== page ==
A mentally ill man was strapped to a chair before cops turned off their body cameras and proceeded to pummel his face in.

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WATCH: Cops Turn Off Body Cams, Ruthlessly Pummel Defenseless Man in Restraint Chair

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Cleveland, OH — In the last several weeks, TFTP has reported on multiple utterly horrific situations in which both men and women are being strapped into restraint chairs and beaten. Now, another video out of the Cuyahoga County Jail has surfaced, showing a similarly horrifying incident unfold.

The victim, Terrance Debose, 47, struggles with mental illness and addiction and was in jail that night for alleged cocaine possession. What landed him in the restraint chair was not clear. However, what happened to him after he was completely restrained and posing absolutely no threat at all—is entirely clear.

As the extremely disturbing video shows, Cpl. Nicholas Evans is standing next to the chair in which Debose is restrained. He then turns off his body camera—in a futile attempt to hide his actions due to the surveillance camera above him—before repeatedly punching the helpless Dubose in the face multiple times.

Debose, unable to lift his hands or anything else to defend himself is forced to endure the repeated blows to his face. After Evans doled out his torturous punishment, officer Timothy Dugan moved in and began hitting Dubose as well.

As Cleveland.com reports:

Evans punches Debose six times and Dugan twice. Evans faces a felonious assault charge that carries a potential eight-year prison sentence if he’s convicted. Dugan is charged with misdemeanor assault, and both are charged with violating Debose’s civil rights. They pleaded not guilty at their arraignments in early April.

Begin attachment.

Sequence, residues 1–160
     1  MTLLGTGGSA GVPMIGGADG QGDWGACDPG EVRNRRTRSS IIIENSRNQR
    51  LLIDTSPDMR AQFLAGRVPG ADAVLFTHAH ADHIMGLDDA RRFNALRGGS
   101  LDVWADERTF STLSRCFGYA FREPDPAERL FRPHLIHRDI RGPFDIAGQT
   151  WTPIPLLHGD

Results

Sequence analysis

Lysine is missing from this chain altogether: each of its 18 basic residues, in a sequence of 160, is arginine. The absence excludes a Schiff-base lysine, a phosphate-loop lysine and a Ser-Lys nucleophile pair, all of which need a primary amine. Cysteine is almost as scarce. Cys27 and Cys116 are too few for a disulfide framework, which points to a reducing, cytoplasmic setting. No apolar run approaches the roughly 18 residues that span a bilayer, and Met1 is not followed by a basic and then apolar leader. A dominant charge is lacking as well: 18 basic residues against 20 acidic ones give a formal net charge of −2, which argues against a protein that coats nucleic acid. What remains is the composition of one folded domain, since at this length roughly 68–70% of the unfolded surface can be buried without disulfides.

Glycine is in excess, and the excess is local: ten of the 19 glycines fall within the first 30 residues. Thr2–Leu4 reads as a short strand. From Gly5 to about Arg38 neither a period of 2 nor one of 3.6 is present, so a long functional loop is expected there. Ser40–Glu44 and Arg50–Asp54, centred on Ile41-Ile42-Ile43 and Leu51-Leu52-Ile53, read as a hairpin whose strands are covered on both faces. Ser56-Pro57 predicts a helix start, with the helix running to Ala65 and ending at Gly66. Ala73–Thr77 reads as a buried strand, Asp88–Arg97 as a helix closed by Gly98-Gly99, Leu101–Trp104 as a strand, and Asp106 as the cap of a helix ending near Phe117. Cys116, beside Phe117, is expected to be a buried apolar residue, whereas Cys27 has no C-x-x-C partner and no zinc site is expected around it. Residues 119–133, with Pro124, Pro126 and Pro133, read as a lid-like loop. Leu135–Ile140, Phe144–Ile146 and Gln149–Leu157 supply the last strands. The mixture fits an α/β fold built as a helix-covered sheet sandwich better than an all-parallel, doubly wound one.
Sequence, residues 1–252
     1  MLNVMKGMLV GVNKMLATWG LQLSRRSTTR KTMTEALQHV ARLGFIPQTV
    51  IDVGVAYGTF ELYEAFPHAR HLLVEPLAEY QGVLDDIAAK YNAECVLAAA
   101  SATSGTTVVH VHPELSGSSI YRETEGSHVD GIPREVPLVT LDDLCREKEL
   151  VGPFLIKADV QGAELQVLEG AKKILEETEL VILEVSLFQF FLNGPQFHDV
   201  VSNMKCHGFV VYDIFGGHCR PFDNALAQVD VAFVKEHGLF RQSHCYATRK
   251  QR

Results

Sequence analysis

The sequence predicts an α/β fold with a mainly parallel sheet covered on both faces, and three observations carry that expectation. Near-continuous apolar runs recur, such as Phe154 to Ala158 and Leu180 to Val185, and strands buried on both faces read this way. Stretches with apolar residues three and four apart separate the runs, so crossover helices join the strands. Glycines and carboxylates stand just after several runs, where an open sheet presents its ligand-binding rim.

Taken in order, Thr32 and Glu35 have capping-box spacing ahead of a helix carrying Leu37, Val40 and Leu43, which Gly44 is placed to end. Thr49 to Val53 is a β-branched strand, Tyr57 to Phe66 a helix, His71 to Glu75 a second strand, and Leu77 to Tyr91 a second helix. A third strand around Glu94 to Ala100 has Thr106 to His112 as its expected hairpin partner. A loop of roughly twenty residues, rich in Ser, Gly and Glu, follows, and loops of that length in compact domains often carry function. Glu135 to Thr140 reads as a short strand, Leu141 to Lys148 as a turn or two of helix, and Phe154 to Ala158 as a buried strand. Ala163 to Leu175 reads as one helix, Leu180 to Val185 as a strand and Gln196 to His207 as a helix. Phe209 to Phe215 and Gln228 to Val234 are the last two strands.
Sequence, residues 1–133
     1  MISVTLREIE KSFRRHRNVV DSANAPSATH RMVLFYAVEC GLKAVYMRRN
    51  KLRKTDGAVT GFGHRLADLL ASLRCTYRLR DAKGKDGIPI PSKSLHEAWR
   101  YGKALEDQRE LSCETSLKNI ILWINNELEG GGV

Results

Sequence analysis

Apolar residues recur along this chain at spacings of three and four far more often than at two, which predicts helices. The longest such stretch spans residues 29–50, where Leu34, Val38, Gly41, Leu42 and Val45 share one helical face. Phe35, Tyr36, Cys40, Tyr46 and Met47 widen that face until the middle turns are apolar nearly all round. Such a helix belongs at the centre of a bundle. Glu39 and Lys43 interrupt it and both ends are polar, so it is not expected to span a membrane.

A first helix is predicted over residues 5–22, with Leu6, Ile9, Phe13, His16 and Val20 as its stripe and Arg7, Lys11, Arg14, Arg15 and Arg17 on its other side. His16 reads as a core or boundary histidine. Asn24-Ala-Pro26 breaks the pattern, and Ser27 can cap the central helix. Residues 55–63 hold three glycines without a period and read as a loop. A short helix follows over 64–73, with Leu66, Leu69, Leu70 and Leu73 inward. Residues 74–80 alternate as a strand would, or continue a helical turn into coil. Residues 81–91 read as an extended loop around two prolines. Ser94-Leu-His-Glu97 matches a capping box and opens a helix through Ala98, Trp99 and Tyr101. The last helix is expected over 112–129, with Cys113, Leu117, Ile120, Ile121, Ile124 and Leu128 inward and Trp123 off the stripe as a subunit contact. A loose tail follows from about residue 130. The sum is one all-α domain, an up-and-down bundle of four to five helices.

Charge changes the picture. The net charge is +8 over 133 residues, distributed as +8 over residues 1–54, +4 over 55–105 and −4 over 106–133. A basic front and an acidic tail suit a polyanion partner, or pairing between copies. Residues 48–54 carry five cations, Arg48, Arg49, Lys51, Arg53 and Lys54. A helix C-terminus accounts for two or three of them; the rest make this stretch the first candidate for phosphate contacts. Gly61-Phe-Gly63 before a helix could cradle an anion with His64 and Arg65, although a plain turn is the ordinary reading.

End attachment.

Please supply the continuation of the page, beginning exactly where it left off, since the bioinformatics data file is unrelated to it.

The two officers are on unpaid administrative leave while the case is pending.

Naturally, the police union is claiming the video is out of context and that they fully support their officers and predict that they will beat the charges.

“While we can’t run from the video, the evidence provided to us during the course of our defense does not appear to show serious physical harm to sustain a felony conviction in this case,” said Adam Chaloupka, an attorney with the Ohio Patrolmen’s Benevolent Association.

However, Dubose did experience harm and was left injured for weeks after this incident. What’s more, Dubose is mentally ill, and this is how the police chose to deal with his special needs.

“As he got older he wasn’t able to deal with it because he would stop taking his meds,” Emanuel Debose, Terrance’s brother said. “As long as he takes his medicine he’s calm.”

After Dubose was beaten by officers, he called his brother the next day, fearful that the jail was listening but knowing he had to tell someone.

“He said they beat him up bad,” Emanuel Debose said. “He said he wasn’t really able to talk because they’re recording the calls from the jail. He asked if I could get him some help, but I really didn’t know how to go about doing that type of stuff.”

Luckily Emanuel Debose took the complaint seriously and looked into it. Then they saw the video.

According to Cleveland.com

The corrections officers who beat his brother are among the eight charged various incidents that are part of the Ohio Attorney General’s Office ongoing probe of civil-rights violations in the jail. Also charged are former warden Eric Ivey and former jail director Ken Mills.

Emanuel Debose said the attack made him furious, and he hopes the officers charged in his brother’s beatings are fully prosecuted.

“I want justice for him,” he said of his brother. “They don’t have the right to do that. You see so much police brutality. I just want justice served at this point.”

Hopefully, both of these sadistic cops face the full consequences of their actions.


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